The new coronavirus: Symptoms, prevention, and what to do if you think you're infected
CBC News
Jan 23, 2020

If you have travelled to Wuhan, China, follow up with a health-care professional

Passengers wear masks as they arrive Thursday at Vancouver International Airport. (Jonathan Hayward/The Canadian Press)

So far, there have been no confirmed cases of the new coronavirus (2019-nCoV) in Canada. But China has confirmed there has been human-to-human transmission of the virus, and Canadian public health agencies say they have been making preparations for any potential case or outbreak.

Meanwhile, airports in Vancouver, Toronto and Montreal - all of which have direct flights from China - have begun screening passengers.

Here are some basic facts about the virus, its symptoms, prevention, and what to do if you believe you are infected.

What are the symptoms?
The initial symptoms of 2019-nCoV are mainly fever, with a few reports of people having difficulty breathing, and chest X-rays showing signs of pneumonia in both lungs.

According to the World Health Organization, signs of infection can include respiratory complaints, fever, cough, shortness of breath and breathing difficulties. In more severe cases, infection can cause pneumonia, severe acute respiratory syndrome, kidney failure and even death.

The only way to confirm 2019-nCoV is with a lab test. According to the U.S. Centers for Disease Control (CDC), symptoms of 2019-nCoV may appear in as few as two days or as long as 14 after exposure.

What should you do?
In general with coronavirus, when you have symptoms, you're most infectious.

If you have travelled to Wuhan, China and develop symptoms of 2019 Novel Coronavirus infection, avoid contact with others and follow up with your health-care professional, according to the Public Health Agency of Canada (PHAC) website.

People who have been to Wuhan arriving in Canada will leave the airport with information in English, French and simplified Chinese on what to do if they do experience symptoms within 14 days.

If you do see a doctor, the PHAC website stresses you should make sure to tell them:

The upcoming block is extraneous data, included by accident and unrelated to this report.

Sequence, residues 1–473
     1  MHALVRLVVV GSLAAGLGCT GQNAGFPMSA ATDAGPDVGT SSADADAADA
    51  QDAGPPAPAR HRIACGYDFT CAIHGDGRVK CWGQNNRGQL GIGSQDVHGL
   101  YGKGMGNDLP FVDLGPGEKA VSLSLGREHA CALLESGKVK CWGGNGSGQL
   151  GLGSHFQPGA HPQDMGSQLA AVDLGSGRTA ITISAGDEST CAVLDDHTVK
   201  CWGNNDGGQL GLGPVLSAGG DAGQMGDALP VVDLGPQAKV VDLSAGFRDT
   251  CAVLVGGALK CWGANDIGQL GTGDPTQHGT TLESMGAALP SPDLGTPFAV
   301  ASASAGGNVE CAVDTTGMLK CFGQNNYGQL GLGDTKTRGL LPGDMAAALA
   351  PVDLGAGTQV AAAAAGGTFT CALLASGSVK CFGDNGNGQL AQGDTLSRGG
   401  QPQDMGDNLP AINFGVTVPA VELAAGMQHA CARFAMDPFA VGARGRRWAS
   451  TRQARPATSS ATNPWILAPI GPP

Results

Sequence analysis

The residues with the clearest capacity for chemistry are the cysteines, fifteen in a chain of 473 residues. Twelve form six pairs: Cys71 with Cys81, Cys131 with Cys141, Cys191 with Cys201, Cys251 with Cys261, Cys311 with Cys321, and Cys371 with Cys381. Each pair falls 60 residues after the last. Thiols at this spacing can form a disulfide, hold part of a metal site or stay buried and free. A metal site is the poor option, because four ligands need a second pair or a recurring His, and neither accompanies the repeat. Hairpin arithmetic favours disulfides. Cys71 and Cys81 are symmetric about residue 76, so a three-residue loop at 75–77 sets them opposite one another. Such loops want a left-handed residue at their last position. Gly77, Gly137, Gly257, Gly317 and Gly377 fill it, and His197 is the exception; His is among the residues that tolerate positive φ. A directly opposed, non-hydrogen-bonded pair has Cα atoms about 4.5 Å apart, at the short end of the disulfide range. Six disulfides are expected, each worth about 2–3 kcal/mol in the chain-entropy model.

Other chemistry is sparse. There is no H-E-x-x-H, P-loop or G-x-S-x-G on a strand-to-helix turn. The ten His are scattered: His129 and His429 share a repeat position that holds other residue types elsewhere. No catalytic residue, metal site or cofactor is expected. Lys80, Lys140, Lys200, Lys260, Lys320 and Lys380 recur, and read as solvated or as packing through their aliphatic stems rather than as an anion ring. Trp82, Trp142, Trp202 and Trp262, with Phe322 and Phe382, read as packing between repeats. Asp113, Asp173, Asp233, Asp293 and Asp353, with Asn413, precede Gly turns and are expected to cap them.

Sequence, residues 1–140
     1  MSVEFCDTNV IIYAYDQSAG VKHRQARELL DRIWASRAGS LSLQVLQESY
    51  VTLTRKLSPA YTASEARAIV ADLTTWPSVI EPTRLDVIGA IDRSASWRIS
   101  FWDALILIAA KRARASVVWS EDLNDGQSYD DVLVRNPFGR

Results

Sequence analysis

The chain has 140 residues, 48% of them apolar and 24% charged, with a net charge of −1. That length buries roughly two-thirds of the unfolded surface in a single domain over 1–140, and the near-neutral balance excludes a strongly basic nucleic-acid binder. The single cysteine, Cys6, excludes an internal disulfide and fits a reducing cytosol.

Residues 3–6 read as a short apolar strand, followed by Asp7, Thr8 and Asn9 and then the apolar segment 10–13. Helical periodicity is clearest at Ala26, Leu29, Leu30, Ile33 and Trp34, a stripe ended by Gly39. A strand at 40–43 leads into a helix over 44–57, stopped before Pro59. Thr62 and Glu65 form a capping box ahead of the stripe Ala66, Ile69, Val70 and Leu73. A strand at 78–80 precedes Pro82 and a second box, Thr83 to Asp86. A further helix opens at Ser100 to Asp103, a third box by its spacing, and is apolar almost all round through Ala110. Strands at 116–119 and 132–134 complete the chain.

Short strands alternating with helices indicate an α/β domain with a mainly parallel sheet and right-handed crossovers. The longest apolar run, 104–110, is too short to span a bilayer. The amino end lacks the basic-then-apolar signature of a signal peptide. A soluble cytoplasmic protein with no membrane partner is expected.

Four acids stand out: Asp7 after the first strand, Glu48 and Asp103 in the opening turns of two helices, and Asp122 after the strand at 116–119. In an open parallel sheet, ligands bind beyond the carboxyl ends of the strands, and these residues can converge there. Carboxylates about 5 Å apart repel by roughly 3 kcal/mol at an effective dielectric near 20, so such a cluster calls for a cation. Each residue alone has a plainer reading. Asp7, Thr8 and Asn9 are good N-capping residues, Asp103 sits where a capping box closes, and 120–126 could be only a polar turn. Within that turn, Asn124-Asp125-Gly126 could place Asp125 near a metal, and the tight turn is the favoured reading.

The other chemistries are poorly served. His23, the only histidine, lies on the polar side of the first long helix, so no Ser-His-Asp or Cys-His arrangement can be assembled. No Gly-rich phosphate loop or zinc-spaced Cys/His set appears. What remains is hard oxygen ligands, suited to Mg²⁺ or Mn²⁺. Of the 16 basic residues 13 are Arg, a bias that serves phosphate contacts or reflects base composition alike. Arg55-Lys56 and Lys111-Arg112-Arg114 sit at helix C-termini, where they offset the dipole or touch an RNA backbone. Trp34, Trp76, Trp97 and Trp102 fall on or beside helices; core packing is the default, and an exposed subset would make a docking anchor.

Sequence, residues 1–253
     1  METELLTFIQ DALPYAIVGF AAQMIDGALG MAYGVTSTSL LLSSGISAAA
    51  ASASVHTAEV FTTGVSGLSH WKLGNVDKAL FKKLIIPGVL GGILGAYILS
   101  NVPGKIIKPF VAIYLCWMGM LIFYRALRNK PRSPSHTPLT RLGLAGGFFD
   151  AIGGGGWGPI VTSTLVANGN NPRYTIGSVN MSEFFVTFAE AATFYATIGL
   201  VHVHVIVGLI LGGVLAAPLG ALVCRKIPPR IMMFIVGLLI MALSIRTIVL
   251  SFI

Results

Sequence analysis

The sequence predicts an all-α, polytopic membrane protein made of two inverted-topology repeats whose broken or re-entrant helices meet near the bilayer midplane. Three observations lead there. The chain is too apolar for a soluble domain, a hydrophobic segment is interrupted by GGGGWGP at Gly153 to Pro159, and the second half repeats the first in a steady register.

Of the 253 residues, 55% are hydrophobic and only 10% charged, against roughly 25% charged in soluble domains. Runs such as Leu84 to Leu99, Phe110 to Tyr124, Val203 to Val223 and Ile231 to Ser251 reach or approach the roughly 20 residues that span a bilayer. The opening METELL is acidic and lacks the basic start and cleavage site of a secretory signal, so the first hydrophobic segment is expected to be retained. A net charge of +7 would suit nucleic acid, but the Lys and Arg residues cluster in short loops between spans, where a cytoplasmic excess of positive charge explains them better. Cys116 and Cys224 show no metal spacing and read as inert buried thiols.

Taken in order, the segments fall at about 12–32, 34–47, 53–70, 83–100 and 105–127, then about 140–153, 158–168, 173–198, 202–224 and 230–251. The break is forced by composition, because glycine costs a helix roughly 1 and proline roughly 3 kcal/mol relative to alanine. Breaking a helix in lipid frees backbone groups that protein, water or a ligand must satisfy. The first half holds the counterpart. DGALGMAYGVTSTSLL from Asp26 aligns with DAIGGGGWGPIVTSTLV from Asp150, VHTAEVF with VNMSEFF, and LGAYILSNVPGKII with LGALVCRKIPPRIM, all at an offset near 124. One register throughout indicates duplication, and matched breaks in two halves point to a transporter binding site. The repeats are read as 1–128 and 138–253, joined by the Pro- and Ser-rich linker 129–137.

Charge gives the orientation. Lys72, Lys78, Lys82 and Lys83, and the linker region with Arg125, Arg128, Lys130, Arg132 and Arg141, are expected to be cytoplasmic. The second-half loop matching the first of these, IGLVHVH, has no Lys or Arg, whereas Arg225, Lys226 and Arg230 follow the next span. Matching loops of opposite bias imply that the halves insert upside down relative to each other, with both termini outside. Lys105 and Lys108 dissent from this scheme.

• Your symptoms.
  • Where you have been travelling and living.
  • If you have had direct contact with animals (for example, visited a live animal market).
  • If you have had close contact with a sick person, especially if they had fever, cough or difficulty breathing

How is it diagnosed?
Respiratory samples are processed by provincial labs. The labs may screen for other things first like flu. The sample is also sent for confirmation at the National Microbiology Laboratory in Winnipeg.

Is everyone who has been in Wuhan tested?
People who have been to Wuhan but have no symptoms are not tested, but it's an opportunity to give them leaflets and information if they get symptoms in 14 days, Dr. Theresa Tam, Canada's chief public health officer, told reporters

How can you avoid infection?
There is no vaccine to prevent the infection, but health organizations, like the CDC in the U.S., recommend these everyday preventive actions to help stop the spread of any respiratory viruses:

  • Wash your hands often with soap and water for at least 20 seconds or use an alcohol-based hand sanitizer.
  • Avoid touching your eyes, nose, and mouth with unwashed hands.
  • Avoid close contact with people who are sick, and stay home if you are sick.

Do masks help?
After the SARS outbreak. the PHAC asked a panel of medical experts for guidance on how flu is transmitted and how best to protect against infection, including the efficiency of face masks.

The report found that masks can offer protection, but there's no evidence inexpensive masks can protect against flu virus particles small enough to be inhaled into the lower respiratory tract or the lungs.

It did find that the N95 masks are the most likely to be efficient because they filter particles smaller than one micron and provide a tight facial seal. It's unclear however if those masks would be effective against this particular virus.

Tam told reporters that wearing a mask when you're well is not an effective measure.

However, health officials might want to put a mask on someone who is sick, for example when they enter the health system. But there's no recommendation to wear a mask for people going about daily activities.